What are the dangers of damp?

what are the dangers of damp

Posted on 18th Mar, 2016 | By Lorretta Tatham

Over the course of your career, you’ll likely to come across damp on more occasions than one. While it may seem like little to worry about, when compared with other workplace hazards, damp is a danger and can have adverse affects on your health. With this in mind, damp is our health and safety topic for this week’s blog. We’ll be dishing out all the safety advice you need when it comes to damp in the workplace and how to minimise the dangers.

What are the dangers?

Moulds produce allergens, irritants and, sometimes, toxic substances. This becomes a problem as, over time and when disturbed, mould particles are released into the air and consequently breathed in by those working in the space. Moulds can also produce toxic substances such as volatile organic chemicals (VOC), proteases, glucans, and other irritants that can have a negative impact on one’s health. 

what are the dangers of damp

How does it affect us?

Inhaling or touching mould spores may cause an allergic reaction, such as sneezing, a runny nose, red eyes and skin rash. Moulds also interfere with the respiratory system. This can cause asthma attacks, worsening of asthma conditions, respiratory infections, and coughing and wheezing.

what are the dangers of damp

Where can I find it?

Mould and damp are found indoors and out. When mold is present in the air outside, it can even attach itself to clothing and be carried indoors.

Mold will commonly grow in areas of excess moisture – for example, around leaks in roofs, windows or pipes. It can also grow well on paper products and wood, as well as in dust, paint, fabric, carpets and upholstery.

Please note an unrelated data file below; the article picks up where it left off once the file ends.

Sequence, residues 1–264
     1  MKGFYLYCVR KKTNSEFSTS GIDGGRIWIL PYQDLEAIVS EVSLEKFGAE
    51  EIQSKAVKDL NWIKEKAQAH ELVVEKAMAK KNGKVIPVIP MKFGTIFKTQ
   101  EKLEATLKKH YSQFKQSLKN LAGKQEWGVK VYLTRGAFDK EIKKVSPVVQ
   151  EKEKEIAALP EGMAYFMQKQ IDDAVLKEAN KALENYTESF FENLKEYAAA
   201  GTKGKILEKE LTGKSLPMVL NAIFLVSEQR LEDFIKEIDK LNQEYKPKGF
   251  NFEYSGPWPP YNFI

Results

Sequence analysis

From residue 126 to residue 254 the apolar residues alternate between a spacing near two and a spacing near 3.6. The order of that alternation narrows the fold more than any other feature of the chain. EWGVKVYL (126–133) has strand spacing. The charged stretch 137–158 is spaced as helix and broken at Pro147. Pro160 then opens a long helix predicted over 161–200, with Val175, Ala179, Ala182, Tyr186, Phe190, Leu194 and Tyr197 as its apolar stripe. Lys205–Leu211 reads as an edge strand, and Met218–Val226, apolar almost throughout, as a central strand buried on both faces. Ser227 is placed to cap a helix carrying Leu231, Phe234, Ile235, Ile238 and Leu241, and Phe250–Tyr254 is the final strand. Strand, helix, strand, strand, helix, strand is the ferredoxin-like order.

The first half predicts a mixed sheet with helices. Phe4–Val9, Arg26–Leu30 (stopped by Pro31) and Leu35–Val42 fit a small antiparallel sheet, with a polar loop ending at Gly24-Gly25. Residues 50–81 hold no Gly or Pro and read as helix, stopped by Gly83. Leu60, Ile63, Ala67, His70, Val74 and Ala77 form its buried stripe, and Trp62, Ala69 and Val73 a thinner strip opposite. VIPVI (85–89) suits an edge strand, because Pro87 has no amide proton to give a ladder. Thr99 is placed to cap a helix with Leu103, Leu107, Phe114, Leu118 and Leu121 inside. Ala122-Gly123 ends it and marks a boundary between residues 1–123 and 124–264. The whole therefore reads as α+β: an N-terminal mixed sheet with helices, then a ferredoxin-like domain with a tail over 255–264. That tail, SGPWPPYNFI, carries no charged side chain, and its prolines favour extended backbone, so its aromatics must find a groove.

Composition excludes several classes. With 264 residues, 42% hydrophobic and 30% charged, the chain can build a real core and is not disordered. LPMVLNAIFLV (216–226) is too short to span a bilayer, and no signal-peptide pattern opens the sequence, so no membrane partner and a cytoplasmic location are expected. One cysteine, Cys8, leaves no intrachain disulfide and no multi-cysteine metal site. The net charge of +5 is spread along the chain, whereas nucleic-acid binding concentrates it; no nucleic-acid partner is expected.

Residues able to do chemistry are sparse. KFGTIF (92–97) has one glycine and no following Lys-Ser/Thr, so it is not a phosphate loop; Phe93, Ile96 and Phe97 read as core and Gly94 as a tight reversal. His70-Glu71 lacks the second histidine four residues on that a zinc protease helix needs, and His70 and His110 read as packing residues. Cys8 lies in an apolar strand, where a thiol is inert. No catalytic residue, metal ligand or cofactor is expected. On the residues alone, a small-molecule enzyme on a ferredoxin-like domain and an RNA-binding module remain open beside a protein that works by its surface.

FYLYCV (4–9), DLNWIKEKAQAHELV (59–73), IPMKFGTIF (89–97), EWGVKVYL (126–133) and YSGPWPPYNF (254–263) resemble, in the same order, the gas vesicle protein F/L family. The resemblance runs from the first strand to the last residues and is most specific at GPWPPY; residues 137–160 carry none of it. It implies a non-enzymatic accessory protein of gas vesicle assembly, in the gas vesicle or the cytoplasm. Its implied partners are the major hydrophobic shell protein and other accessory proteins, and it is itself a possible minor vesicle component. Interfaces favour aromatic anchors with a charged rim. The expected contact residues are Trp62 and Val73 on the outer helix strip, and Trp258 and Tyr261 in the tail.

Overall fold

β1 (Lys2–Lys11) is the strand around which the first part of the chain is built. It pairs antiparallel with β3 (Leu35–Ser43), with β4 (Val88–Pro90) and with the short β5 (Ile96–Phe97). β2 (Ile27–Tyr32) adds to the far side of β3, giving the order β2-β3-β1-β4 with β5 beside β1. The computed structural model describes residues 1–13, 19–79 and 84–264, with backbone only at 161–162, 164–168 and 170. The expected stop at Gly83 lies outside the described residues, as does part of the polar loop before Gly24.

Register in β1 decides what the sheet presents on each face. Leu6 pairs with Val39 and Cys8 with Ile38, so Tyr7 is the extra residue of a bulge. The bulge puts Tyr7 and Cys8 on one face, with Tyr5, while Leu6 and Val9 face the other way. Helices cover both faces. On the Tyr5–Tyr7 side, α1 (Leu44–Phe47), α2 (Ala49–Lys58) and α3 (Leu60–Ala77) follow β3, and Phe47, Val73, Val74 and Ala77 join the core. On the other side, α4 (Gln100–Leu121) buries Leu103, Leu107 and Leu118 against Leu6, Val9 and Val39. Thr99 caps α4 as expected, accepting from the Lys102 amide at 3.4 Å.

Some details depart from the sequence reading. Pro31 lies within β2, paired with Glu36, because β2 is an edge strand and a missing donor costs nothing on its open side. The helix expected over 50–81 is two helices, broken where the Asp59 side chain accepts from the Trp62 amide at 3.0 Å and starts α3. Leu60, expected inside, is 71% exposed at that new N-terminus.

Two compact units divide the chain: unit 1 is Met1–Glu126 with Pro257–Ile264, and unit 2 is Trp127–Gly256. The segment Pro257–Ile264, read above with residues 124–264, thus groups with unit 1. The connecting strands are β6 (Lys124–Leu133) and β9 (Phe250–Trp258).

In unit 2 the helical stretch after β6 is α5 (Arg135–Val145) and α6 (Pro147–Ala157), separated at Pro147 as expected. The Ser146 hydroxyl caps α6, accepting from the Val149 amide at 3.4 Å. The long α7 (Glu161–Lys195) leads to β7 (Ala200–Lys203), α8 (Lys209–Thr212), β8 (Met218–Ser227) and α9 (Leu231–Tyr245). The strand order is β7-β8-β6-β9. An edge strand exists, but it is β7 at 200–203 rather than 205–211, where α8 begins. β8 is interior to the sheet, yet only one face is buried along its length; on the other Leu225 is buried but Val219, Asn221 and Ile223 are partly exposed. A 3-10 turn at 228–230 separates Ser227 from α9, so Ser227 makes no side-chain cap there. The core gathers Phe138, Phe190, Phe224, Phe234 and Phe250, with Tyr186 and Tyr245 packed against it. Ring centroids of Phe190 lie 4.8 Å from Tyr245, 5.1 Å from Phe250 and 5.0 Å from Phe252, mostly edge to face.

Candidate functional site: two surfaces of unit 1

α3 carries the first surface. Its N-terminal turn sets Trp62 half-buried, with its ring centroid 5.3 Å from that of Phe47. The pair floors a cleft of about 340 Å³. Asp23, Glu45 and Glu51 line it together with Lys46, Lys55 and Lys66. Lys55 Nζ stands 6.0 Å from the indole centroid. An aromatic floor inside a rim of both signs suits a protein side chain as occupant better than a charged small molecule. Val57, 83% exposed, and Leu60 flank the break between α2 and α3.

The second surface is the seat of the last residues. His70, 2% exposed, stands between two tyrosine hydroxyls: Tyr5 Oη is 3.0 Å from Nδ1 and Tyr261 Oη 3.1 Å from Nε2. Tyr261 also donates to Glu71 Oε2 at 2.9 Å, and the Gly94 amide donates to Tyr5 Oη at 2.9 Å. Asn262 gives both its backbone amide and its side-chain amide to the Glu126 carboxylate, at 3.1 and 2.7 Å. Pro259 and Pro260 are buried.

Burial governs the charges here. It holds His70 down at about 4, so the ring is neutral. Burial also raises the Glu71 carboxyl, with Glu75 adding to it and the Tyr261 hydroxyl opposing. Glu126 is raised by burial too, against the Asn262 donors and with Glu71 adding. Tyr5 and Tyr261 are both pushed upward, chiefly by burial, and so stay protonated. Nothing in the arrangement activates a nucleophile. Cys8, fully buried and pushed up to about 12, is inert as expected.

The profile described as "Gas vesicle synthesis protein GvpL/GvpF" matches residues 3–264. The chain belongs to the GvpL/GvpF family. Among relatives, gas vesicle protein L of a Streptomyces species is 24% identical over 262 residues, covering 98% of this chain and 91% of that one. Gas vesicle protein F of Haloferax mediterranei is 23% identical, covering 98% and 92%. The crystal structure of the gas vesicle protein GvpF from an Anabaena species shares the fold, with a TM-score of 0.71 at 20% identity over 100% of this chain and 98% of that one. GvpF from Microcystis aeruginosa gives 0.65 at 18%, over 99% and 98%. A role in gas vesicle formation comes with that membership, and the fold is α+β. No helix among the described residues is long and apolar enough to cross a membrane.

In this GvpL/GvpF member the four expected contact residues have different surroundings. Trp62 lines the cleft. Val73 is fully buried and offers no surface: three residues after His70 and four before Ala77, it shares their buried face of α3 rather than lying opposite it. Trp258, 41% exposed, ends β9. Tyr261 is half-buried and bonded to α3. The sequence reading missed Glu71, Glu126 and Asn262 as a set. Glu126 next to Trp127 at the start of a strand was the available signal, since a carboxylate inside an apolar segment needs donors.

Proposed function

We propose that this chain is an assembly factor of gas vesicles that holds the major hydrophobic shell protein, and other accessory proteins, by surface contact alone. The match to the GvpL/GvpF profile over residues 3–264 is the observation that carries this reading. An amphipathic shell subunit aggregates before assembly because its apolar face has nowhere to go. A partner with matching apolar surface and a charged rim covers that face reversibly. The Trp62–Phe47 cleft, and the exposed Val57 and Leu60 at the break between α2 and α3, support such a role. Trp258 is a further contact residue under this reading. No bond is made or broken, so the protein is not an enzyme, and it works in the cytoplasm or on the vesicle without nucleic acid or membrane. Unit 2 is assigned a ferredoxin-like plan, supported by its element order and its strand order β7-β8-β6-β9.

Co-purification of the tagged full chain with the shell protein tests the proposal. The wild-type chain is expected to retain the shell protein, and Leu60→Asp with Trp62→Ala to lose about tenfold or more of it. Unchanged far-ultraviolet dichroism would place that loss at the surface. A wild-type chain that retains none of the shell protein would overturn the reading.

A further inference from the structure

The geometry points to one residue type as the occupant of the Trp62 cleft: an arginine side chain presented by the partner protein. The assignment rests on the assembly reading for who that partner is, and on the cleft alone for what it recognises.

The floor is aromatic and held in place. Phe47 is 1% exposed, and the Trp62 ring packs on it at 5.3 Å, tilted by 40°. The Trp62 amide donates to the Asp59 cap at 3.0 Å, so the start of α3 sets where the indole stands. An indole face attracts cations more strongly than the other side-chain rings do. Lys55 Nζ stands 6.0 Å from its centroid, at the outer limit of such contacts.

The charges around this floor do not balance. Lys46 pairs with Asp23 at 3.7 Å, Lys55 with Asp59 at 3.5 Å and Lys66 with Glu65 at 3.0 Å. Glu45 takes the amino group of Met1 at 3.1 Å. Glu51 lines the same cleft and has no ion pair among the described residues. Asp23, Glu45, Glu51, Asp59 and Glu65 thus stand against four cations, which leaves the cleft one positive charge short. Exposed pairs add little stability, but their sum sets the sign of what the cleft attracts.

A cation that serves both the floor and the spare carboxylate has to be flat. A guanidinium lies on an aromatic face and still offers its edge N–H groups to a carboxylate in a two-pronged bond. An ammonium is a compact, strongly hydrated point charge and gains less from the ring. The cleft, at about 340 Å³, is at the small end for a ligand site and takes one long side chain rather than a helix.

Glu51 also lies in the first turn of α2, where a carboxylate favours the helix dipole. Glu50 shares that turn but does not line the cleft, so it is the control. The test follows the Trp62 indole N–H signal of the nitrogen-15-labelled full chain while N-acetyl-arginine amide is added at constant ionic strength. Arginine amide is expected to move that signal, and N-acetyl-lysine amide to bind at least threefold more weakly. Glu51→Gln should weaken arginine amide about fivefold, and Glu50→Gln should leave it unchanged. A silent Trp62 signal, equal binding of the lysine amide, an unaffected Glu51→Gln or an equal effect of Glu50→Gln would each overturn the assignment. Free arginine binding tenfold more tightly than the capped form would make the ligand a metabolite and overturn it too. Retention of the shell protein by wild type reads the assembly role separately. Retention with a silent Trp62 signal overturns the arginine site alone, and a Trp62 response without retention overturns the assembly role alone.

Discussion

A new-build home is just one of the areas where you’ll be exposed to the risks of damp. This is because the building is usually still drying out – for example, in the plaster on the walls. Excess moisture indoors can also be caused by condensation. 

what are the dangers of damp

Who is at risk? 

A number of tradespeople face the risks of damp on a regular basis, including:

  • Builders
  • Plumbers
  • Renovators
  • Risk Assessors
  • Inhabitants
  • Roofers and tilers working in attics

Controlling the risks

If you’re working in an area where there’s mold, keep humidity levels as low as you can and be sure to keep the space well ventilated. You can also wear safety goggles to prevent eye irritation as well as respirator mask, to reduce the number of mold spores you breathe in. It’s a good idea to work for short periods of time too, taking breaks in a fresh air, outdoor location

Damp is just one of the many issues you’ve got to be aware of as a tradesperson. To find out how to stay safe when it comes to other hazards in the workplace, take a look at our safety training courses. You discover our range of offerings here and call our Course Enquiries team on 01282 615517 to find out more.

Has damp ever affected your health? If so, tell us about your experience in the comments below, or tweet us @BrownsLadders

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